Recently at one of our seminary house Masses, a student homilist asked this question: what would you do if you only had one more week to live?
I put that on my Facebook page and got all sorts of wonderful responses. A nun in Brazil said she would simply keep on doing what she was already doing. Another would thank all those who had done her favors and ask pardon from anyone she had offended. Another would tell his wife how much he appreciated her and spend as much time as possible with the grandkids. One person said that she would tell all her friends that she had finally encountered Jesus. An ex-Brother said he would go from attending one Mass a week to several each day. Finally, there was the response, I would thank the Lord for all the benefits He had given me.
The list went on and on; so many wonderful insights and suggestions worth considering. So I thought, what would happen if we started putting questions or making proposals for action into the Sunday bulletin, or as a conclusion of a homily, or creating a time of silence right after Holy Communion? As St. Peter says, “Take it as a lamp for lighting a way through the dark until the dawn comes. . .” (2 Pt 1:19).
• What three things do you want to thank the Lord for? (Ask yourself what your life would be like tomorrow if you had only that which you thanked God for today.)
• What is your greatest fault or defect that needs immediate attention?
• What do you think that Jesus wants to say to you?
• What changes do I need to make TODAY?
• Who do you need to pardon and forgive?
• Who needs your help today? Your time or attention?
• What are you putting off or avoiding facing?
We all know that prayer without change or conversion is useless, of little value. Like the way pagans pray when they multiply words. We do not need any more people who pray five times a day and then go chop off someone’s head. We all know people who were daily Mass goers until a big problem struck. Now they seem to be angry with God. Estranged.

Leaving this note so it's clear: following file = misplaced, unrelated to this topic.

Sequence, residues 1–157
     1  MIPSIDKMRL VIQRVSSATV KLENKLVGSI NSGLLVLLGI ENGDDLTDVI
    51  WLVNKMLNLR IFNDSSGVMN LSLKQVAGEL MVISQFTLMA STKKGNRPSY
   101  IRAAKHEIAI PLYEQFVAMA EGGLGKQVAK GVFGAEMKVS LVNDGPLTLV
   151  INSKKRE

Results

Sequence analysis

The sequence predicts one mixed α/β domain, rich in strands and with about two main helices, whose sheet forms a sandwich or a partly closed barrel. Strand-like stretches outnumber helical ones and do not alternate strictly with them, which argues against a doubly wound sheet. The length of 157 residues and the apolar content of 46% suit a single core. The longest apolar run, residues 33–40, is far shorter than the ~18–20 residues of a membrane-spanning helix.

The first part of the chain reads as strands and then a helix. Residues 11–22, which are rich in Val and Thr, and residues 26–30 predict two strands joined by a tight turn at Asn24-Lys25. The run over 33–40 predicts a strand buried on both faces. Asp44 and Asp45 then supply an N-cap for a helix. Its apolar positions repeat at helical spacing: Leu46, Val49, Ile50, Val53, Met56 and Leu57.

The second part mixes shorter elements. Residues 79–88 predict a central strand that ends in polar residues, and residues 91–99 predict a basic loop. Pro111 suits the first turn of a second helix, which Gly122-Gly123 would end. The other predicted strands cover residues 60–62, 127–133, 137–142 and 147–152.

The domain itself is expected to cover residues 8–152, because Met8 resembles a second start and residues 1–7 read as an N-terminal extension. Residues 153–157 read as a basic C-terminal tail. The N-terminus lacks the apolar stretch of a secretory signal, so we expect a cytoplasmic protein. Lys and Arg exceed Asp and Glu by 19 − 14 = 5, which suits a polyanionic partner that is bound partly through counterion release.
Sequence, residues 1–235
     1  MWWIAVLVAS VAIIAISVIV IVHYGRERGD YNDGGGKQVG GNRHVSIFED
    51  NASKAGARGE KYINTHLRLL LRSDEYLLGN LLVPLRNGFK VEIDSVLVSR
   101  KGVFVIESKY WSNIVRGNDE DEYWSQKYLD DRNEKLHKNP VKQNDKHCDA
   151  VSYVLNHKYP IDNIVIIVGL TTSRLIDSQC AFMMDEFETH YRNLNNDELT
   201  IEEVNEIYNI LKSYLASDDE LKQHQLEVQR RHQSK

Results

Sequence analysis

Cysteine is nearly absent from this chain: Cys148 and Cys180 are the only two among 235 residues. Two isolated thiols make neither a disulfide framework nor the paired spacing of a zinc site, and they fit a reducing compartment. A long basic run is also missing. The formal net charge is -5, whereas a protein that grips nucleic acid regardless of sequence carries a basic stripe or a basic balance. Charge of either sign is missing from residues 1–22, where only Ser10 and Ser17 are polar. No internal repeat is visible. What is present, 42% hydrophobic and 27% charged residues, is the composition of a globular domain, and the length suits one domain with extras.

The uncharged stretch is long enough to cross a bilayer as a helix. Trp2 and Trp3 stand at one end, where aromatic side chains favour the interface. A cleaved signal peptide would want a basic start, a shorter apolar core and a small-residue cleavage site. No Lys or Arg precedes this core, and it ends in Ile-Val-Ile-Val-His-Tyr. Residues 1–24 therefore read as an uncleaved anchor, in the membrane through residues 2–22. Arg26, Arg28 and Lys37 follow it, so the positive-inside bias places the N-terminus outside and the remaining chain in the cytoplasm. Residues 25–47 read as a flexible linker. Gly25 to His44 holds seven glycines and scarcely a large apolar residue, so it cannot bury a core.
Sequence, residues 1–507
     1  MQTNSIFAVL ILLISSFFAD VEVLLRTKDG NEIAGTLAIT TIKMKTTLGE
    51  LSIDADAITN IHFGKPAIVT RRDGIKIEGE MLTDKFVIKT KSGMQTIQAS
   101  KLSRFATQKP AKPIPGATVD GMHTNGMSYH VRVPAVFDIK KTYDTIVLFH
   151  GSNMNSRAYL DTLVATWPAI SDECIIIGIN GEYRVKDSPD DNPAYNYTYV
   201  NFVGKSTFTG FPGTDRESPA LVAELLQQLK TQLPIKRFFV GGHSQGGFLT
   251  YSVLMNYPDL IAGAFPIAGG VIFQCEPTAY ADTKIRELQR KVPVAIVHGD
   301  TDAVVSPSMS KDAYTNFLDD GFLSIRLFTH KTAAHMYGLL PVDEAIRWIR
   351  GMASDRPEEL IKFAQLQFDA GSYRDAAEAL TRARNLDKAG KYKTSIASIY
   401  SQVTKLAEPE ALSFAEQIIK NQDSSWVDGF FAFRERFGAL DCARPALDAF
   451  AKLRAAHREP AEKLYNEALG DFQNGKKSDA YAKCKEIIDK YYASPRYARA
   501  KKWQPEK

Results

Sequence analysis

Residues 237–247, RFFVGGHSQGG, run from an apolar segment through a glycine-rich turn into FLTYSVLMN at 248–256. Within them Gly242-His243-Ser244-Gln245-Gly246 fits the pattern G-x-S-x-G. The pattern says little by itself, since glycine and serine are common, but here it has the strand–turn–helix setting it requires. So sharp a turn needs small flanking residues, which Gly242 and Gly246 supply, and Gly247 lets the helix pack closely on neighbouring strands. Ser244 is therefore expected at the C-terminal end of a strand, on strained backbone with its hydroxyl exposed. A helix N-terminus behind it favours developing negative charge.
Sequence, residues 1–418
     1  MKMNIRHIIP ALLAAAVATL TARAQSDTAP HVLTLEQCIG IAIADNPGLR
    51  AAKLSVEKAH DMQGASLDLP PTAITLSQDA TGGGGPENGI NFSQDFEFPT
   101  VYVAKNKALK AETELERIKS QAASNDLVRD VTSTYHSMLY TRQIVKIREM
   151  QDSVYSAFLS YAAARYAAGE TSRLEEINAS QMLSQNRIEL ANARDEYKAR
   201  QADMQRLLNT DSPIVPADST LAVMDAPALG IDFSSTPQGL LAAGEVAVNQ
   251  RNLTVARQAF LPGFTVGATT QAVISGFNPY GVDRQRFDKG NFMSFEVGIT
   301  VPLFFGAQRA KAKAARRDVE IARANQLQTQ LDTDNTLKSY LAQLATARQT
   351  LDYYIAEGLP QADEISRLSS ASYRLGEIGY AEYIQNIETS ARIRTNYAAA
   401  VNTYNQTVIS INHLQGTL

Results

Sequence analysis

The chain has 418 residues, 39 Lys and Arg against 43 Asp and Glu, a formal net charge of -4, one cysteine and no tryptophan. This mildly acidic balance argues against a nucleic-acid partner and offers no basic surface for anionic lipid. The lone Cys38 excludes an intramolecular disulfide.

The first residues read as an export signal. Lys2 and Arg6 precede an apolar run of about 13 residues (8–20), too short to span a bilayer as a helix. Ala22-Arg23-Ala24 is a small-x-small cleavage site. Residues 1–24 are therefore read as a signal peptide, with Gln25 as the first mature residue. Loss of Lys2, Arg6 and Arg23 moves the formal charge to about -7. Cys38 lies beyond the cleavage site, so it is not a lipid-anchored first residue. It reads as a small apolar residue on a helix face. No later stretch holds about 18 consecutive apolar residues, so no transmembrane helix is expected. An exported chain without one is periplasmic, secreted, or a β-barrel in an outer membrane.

If you can get people to link those thoughts with a mantra (a way used by the Desert Fathers to keep their minds trained on God), this type of short prayer helps us to concentrate, keeps us focused and attentive to what is going on around us. There are so many ways to pray. Repeating and savoring a phrase makes prayer come alive. Here are some biblical sayings to get started:
“Thy will be done.”
“Be it done unto me.”
“My Lord and my God.”
“Speak Lord, your servant listens.”
“Come, Holy Spirit.”
The Jesus prayer — “Lord Jesus Christ, Son of God, have mercy on me, a sinner.”
Lots of words do not necessarily mean praying. What makes for real prayer is another question. Prayer has to get down below the gut level and feelings to become a vital, essential part of our daily life, as much as eating or breathing. If one’s prayer does not bring about changes, modify one’s habits and life style, then it has not really begun. As The Imitation of Christ instructs us, “Teach me, Lord, to do your will. Teach me to live worthily and humbly in Your sight” (Book 3, Chapter 3).
It would be nice to have the freedom and luxury of a monk to pray all day long; most of us do not. Busy schedules and appointments crowd out quiet time and silence. So we need to find those special moments — kairos — to grow, to understand, to grapple with our weaknesses, to love more dearly, see more clearly, etc. “Enlighten me, good Jesus, with the brightness of internal light, and take away all darkness from the habitation of my heart” (The Imitation of Christ, Book 3, Chapter 23).
Some people check the Internet 25 times a day. Can we not check in with the Lord at least five times in a meaningful way? A good question pushes those buttons which need to be activated, shakes a person out of indifference and self-satisfaction.
Pope Francis is asking all of us to be more apostolic, missionary and pastoral, to be out in the streets. That has to be nourished by a deeper prayer life which empowers us to dare to be different, to be counterculture. Help your people to pray more, not as recluses from the problems of this world, but as agents who go forth to make changes because their prayer life has brought about changes in their lives.
FATHER KIRCHNER, C.Ss.R., writes from SEELOS House of Formation, Hyde Park, Chicago. He received a degree in moral theology in Rome and taught for 39 years as a Redemptorist priest in Brazil.